For New Zealand teenager Eddie Johnston, a self-described introvert who befriended Lorde via Twitter and dreams of a "big-city life" in the States, the internet is everything. The wiry, strawberry-blond high schooler is best known for the sleepy covers of mainstream hip-hop and R&B he uploads to SoundCloud. His recording alias, Lontalius, comes from a Wikipedia page about butterflies. "All of my favorite experiences of the last five years have been online, like when Take Care leaked," he says over Skype from his friend Ike's house in Wellington, a hometown he calls "hip" and likens to Portland, Oregon, even though he's never been.
Johnston started playing guitar when he was 8 and wrote his first song at 11—a "summer road trip" jam that was partly inspired by Australian '80s pop band Crowded House. "I was going to be a guitar guy," he says. "It took me a long time to work up the courage to sing." His first exposure to the music he lives for now was surprisingly analog: his middle school classmates would play Top 40 radio before school. But the web took him deeper, as it tends to do: a Four Tet remix of an MF Doom song that he heard at age 13 sparked a fascination with alternative rap and atmospheric production, a proclivity that still drives what he's doing now, as Lontalius, in a big way.
With the exception of a "questionable" Taylor Swift cover that's just taking up space on his hard drive, Johnston has spent the last couple years uploading his every melodic whim, which often means recording covers of newly minted classics: Ciara, Young Thug, FKA Twigs, Drake from every era. It might be a full song or it might just be a fragment that fades out after a minute—a Frank Ocean verse here, a stray Nicki hook there—with everything laced with ennui. His interpretations swap out the originals' zeitgeisty productions for effortless, toy-like sounds made by a Casio keyboard. Generously Auto-Tuned and flooded with delay, his singing sounds vulnerable and authentic despite the manipulation. In Johnston's hands, for example, the sex-positive chorus of "Body Party" becomes borderline depressive. In every radio hit lies the potential for a bedroom ballad for self-effacing shut-ins.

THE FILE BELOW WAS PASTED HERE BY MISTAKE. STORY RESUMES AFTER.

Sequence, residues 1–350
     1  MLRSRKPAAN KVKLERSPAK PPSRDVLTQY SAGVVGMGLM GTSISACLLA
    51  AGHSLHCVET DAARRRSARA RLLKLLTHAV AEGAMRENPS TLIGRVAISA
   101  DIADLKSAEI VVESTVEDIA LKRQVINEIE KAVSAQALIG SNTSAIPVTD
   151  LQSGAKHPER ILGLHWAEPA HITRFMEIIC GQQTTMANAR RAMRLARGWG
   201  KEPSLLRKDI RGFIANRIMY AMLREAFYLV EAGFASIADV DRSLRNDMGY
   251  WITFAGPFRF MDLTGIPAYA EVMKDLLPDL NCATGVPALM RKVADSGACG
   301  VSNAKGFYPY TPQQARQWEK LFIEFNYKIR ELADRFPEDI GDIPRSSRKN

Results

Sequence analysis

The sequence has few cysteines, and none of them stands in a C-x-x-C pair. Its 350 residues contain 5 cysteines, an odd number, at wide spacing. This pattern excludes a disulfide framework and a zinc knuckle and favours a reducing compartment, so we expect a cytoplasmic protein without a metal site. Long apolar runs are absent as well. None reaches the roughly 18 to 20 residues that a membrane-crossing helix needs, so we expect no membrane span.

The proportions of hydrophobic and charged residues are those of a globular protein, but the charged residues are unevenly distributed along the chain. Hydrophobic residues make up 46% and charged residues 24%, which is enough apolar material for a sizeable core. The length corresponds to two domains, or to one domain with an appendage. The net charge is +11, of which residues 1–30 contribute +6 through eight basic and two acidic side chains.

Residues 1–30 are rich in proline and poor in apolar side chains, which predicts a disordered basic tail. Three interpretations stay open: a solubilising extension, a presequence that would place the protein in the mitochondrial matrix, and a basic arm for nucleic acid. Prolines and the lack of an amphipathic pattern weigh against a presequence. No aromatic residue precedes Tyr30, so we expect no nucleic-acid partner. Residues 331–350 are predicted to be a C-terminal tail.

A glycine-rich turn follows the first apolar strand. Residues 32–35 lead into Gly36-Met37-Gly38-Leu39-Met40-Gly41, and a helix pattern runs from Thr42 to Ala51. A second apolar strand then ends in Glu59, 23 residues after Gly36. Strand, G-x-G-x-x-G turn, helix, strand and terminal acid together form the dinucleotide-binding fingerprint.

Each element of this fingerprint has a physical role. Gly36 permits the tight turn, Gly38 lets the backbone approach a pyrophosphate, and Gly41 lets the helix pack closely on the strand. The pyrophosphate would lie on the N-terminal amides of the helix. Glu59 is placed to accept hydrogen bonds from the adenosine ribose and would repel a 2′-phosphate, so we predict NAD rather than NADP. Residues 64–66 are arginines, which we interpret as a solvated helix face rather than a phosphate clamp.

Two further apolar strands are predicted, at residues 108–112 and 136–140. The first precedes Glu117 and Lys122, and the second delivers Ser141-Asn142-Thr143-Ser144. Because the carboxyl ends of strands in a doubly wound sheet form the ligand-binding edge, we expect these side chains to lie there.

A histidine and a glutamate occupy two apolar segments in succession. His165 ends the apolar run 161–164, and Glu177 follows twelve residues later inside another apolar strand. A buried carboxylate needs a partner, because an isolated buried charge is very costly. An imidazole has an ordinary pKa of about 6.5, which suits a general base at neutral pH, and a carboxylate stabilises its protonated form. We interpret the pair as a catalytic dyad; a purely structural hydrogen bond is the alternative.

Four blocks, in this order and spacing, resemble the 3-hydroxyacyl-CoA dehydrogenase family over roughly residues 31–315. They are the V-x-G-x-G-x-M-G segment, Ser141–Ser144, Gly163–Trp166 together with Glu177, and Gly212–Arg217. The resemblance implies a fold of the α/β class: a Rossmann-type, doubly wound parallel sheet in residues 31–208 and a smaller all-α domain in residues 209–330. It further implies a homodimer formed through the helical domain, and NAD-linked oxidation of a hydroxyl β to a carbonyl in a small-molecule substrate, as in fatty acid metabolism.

Johnston is constantly writing and sharing original material, too—tracks that are usually situated more in the lo-fi singer-songwriter realm. In 2015, he'll put out his first proper Lontalius full-length, a record he says merges the melancholic production of his covers with more guitar-centric bedroom rock and lyrics about "growing up, anxieties—teenager shit." He also consumes and creates dance music; last summer, when he was 16, he produced an EP of sweetly agitated synth-pop under the moniker Race Banyon.
Johnston's ever-growing output and unique online presence has started opening doors: he's recorded genre-hopping features for Ryan Hemsworth and Tunji Ige and has collaborations on the way with Cyril Hahn and Spooky Black. Hemsworth actually debuted a song from Lontalius' solo album while guest DJing at an Australian radio station. Speaking on the air, he praised Johnston's tireless, Lil B-like work ethic and called his songs "the most fragile, emotional music." The track he played, "Light Shines Through Dust," is a burned-out song about feeling stuck in love. Despite the warm guitar loop it's built around, it retains the bored sort of sadness that seems to worm its way into everything Johnston does. "I love sad songs, and I don't know why," Johnston says, smiling sheepishly. "I'm not sad. I just love that 3AM, kind of sad, kind of happy, listening-to-Drake sort of feeling. That's my favorite feeling in the world."